If we're playing a game that I have a distinct advantage at--mostly speed-related games (we have one where you have to flip over tiles really quickly, and I can turn then over at about 5 times the rate he can) I might self-impose some limitation on myself, with or without telling him (such as only allowing myself to use one hand to turn the tiles)--but this is as much to make the game fun for me as it is to give him a chance at winning!


I've noticed that my son doesn't get upset when he loses strategy games, but can get a little upset when he loses "luck" games (Chutes and Ladders type games).  Also, we've playing Apples to Apples Jr. with him and a sort of similar(ish) picture-based game called Dixit, and these types of games (where there's no objective right-or-wrong, just someone choosing what they think is the "best" card, or whatever) are the one type that seems to really set him off.  When his card isn't getting picked, he seems to get his feelings hurt or feel like he's being conspired against or something.eyesroll.gif  So we've put those games away for a while and play a lot of Carcassone, Kids of Carcassone, Sleeping Queens, Moose in the House, Tier Auf Tier, and several others (we have quite a few games).  


If I were you, I wouldn't allow cheating, but I might modify the rules to "level the playing field" a little.  If you're playing games like Candyland, I'd try a different type of game--one where you can actually affect the outcome of the game with how you play.  

post #44 of 52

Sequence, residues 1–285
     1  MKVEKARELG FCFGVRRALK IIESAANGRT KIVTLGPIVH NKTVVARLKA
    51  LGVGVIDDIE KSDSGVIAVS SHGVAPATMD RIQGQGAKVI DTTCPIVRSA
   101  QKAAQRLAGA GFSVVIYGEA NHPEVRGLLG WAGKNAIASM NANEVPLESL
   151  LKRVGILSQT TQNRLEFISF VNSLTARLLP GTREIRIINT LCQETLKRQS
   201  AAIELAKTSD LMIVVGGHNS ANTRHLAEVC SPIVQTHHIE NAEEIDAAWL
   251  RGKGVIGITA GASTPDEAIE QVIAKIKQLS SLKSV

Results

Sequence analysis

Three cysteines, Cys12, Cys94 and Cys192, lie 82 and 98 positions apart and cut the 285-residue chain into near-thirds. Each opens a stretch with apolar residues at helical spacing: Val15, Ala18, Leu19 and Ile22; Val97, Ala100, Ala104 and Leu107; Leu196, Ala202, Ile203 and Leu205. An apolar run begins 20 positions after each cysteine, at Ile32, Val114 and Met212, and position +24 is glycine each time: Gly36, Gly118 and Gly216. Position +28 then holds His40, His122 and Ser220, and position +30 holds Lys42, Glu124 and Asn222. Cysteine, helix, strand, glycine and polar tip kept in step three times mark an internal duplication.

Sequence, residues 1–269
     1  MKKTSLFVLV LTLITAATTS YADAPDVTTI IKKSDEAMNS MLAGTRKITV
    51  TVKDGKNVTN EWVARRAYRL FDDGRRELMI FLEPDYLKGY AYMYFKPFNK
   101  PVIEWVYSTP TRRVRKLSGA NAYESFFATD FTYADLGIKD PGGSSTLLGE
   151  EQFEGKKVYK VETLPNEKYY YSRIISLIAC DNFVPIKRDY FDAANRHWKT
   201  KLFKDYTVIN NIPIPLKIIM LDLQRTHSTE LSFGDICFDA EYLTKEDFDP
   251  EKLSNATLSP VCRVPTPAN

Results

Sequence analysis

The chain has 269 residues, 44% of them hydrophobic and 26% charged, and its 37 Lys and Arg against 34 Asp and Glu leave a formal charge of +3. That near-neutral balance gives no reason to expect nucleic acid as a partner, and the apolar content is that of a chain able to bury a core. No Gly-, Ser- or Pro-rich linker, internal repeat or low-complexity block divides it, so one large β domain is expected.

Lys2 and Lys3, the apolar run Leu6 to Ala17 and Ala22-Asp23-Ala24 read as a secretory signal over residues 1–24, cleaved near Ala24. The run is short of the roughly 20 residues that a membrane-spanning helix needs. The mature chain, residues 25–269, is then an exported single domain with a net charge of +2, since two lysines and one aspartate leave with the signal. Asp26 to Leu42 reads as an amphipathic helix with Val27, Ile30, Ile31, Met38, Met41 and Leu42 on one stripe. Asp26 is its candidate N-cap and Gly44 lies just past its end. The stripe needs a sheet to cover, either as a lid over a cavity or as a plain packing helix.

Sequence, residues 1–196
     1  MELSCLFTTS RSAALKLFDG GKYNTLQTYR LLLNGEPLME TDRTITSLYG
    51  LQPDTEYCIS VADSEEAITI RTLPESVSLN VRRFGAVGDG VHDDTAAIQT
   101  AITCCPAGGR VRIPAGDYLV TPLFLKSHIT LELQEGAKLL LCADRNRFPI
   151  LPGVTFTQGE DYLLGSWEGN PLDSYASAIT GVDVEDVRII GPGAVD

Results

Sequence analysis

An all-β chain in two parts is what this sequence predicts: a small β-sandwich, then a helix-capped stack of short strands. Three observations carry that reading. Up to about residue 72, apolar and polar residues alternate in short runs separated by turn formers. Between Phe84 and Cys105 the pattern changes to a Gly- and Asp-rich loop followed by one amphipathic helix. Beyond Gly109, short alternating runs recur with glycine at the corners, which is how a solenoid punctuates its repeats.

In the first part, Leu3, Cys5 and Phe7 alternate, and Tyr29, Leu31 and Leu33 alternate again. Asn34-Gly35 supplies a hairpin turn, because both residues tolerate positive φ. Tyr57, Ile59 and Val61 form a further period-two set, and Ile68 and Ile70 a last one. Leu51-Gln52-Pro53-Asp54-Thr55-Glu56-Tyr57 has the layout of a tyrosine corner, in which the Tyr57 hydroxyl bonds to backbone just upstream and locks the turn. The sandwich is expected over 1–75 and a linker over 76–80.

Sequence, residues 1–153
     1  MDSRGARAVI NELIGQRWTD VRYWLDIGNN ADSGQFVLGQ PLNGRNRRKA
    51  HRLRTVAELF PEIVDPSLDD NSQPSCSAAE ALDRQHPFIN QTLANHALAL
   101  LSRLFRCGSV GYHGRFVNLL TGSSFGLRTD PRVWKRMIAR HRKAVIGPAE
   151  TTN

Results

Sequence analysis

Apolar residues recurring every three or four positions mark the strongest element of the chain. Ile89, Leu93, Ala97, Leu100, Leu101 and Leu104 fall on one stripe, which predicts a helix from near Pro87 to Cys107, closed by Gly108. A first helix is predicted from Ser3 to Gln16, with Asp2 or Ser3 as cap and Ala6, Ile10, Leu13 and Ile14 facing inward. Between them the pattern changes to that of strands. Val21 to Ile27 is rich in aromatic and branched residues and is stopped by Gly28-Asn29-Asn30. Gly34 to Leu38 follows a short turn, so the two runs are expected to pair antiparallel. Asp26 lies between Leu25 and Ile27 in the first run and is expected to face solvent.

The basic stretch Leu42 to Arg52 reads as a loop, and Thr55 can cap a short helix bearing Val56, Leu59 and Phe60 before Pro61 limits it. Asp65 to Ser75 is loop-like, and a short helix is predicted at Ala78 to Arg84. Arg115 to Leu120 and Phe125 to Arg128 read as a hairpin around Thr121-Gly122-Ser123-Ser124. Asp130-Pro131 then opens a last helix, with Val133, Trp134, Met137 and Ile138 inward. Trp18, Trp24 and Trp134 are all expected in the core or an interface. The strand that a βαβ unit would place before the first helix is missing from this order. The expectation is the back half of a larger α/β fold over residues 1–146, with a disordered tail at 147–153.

This is an area where I refuse to give even an inch. You play by the rules or we don't play. And if you are getting angry that you aren't winning and can't handle it with some grace then we shouldn't be playing. My son has loved games since the age of 2 and has gone through many different phases since then when he tried to cheat, change the rules in the middle of the game, or got so angry about losing that it ruined the game. But I have stayed the course, cleaned up many games in the middle (or walked away to let him get his feelings back under control) and it got a lot better after age 4. He is now 7 and will occasionally try to cheat but it is more with a sense of trying to be funny. He does love to try different rules for games and my policy is that if we agree on the new rules at the beginning then it is okay, but no changes after the game starts.  I should add that when we are playing a strategy game and my son is not yet familiar with the strategy I will do 2 things. I will talk out loud about my own strategy and I will help guide him if it looks like he is making a really bad move. My goal is to get him thinking. But he is quite good at strategy games and one time kicked my butt badly in Travel Blokus, to an extent that I didn't even think was possible. We still talk about that game and it was 2 years ago. So once he understands the strategy fully I play my hardest against him.